Explore the squares, markets and mountainsides of Colombia’s resurgent capital.
Bogotá is at its most colorful on a Sunday morning. Once a week, city highways are closed to motor vehicles and transformed into a blur of fluorescent spandex as thousands of cyclists, children on tricycles, and teenagers on rollerblades whoosh past. This motley Tour de France passes under the stern gaze of Simón Bolívar, South America’s liberator, whose statue presides over the main square. The group steers under the bell towers of the two-century-old cathedral, where the last hymns of morning mass reverberate inside, as the congregations in their Sunday best step out into the Andean sunshine. The cyclists pedal past the market at Paloquemao, where weekend shoppers wander among roses, lilies and sunflowers, flowers that only hours before were snipped from the surrounding countryside, soon to decorate weddings, funerals, birthday parties and dinner dates.
Not so long ago, Bogotá was a city in the same league as Mogadishu, Baghdad and Lagos – synonymous with drug cartels, crime and terrorism. It was a place where no sane tourist ventured and few residents would potter between neighborhoods on a Sunday stroll. Bogotá’s problems are far from fixed, but safety has improved and one of South America’s liveliest cities is blooming. Former no-go areas are now served by cycle superhighways; streets once avoided because of driveby shootings are now busy with artisan coffee shops.
The face of the city is constantly changing, especially just after lunchtime on Sundays, when security guards take a siesta and Bogotá’s street artists are often at work. Just over a decade ago, local authorities in Bogotá took steps to partially decriminalize graffiti, with
in a high-rise building on leafy streets in the north of Bogotá, has rooms with vast beds and expansive bathrooms (from $110; citehotel.com).
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Funicular trains and cable cars depart from in central Bogotá
(from $4 round-trip; cerromonserrate.com). some hoping to reverse urban decay by transforming neighborhoods into open-air galleries. Today, like almost no other city in the world, artworks can be found on almost every surface in Bogotá.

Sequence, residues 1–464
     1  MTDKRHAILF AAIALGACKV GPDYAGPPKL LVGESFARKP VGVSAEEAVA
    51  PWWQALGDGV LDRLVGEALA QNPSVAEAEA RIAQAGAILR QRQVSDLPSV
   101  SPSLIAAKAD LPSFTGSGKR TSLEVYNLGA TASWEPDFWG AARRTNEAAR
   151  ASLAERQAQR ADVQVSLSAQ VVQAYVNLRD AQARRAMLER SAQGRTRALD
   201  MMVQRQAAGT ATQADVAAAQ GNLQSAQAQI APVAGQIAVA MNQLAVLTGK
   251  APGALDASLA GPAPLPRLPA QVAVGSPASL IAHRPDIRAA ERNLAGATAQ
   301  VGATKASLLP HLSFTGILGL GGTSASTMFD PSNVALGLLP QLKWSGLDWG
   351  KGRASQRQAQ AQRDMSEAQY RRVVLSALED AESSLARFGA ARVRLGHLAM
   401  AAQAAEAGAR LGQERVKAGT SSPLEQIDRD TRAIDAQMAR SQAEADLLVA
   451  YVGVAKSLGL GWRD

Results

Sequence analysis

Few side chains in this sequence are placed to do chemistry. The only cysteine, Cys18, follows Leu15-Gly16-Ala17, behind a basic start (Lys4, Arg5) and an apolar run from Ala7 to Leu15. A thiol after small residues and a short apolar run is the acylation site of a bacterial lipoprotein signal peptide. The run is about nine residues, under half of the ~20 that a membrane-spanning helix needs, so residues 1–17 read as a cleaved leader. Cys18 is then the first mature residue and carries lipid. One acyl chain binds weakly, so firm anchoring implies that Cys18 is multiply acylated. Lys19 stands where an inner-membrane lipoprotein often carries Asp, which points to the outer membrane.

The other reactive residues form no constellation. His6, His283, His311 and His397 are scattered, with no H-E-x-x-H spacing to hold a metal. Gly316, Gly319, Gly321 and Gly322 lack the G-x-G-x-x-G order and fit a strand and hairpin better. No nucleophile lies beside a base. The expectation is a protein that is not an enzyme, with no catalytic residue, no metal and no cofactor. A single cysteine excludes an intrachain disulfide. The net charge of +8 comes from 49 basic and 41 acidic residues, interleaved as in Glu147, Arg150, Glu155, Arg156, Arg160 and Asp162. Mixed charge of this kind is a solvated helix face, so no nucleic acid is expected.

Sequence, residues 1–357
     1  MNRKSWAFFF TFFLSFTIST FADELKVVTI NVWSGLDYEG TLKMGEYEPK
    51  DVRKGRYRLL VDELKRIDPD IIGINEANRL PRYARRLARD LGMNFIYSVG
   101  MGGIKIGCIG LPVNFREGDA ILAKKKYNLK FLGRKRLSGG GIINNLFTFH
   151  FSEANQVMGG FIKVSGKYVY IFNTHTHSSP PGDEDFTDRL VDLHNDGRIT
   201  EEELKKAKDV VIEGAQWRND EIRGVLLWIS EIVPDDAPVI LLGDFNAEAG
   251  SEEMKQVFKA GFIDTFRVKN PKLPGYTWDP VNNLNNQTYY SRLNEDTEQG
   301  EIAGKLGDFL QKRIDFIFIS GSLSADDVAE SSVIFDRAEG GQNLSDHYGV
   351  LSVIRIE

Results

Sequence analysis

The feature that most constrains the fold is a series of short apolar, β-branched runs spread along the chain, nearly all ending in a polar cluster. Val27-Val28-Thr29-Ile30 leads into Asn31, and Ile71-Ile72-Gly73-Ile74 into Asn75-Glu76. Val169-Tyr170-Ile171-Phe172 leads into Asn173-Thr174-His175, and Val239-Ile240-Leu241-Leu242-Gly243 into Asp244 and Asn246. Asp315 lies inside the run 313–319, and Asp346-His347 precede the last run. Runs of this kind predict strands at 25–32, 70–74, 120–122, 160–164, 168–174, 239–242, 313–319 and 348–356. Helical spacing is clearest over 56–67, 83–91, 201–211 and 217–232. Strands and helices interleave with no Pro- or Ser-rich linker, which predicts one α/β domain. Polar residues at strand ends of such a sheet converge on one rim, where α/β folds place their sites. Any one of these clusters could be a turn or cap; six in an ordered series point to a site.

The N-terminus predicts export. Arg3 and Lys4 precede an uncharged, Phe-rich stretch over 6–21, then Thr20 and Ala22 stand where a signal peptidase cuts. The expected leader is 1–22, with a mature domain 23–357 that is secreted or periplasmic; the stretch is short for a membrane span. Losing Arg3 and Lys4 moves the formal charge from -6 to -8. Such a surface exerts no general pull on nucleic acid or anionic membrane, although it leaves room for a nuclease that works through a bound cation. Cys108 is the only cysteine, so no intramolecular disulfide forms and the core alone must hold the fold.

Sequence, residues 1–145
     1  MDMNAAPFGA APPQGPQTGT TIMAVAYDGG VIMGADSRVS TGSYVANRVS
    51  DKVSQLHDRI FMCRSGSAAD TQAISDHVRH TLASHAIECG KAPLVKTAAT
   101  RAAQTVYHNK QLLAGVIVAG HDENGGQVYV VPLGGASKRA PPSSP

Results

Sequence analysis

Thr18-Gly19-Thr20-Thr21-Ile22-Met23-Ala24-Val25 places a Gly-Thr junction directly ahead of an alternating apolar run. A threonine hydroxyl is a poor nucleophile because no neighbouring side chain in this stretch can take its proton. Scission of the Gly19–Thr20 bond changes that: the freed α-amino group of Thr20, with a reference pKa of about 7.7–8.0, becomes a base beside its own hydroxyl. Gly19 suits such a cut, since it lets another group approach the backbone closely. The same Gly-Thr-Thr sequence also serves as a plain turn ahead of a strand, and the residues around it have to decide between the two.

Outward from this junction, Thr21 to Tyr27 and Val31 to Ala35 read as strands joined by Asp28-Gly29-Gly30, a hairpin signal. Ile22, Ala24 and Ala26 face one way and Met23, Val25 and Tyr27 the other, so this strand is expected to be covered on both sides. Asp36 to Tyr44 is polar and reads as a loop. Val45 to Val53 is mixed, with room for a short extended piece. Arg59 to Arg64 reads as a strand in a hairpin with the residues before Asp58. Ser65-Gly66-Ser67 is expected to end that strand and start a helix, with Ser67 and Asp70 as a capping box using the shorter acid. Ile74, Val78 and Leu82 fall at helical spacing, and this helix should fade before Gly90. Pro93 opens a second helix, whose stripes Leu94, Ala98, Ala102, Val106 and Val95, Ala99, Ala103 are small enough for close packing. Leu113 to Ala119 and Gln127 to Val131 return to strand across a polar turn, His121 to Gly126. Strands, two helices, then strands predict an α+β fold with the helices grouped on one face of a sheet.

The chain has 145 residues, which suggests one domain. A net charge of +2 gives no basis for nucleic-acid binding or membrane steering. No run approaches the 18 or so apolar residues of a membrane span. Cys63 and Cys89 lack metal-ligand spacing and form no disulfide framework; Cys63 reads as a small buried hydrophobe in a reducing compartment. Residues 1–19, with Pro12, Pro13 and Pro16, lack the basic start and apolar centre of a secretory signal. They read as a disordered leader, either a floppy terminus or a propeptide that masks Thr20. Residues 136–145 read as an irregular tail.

“Street art is a celebration of our culture,” explains artist Ecksuno, whose real name is Juan Sebastián García, as he embarks on a graffiti tour of the city. “Colombia has so much variety to inspire us; it is almost like a collection of different countries, each with its own styles and colors.”
Bogotá’s street art can be a way to gauge Colombia’s political temperature. Sebastián García points to murals advocating rights for indigenous communities, others protesting against Amazon deforestation. It works as an introduction to the country’s natural and cultural riches, too. Sebastián García points to one of his own creations: the frozen peaks of the Sierra Nevada on the country’s Caribbean coast, rising over a sunny plaza.
“In Bogotá there is a particular quality to the light,” he says. “We are high up in the Andes. Wherever we go in the city, we have the mountain watching over us.”
The mountain is Monserrate – Bogotá’s urban peak, like Corcovado in Rio de Janeiro. It is a Sunday afternoon tradition for pilgrims to climb the 1,500 steps to the church on the summit (everyone else cheats and takes the cable car or the funicular). Along the ascent to 10,341 feet above sea level, the smog recedes and the colors of the city become even more intense. There is the deep-blue dome of the sky, and the bright orange of the cable car. A range of green hills rise beyond the city; on their slopes, roses and sunflowers grow for the Sunday market.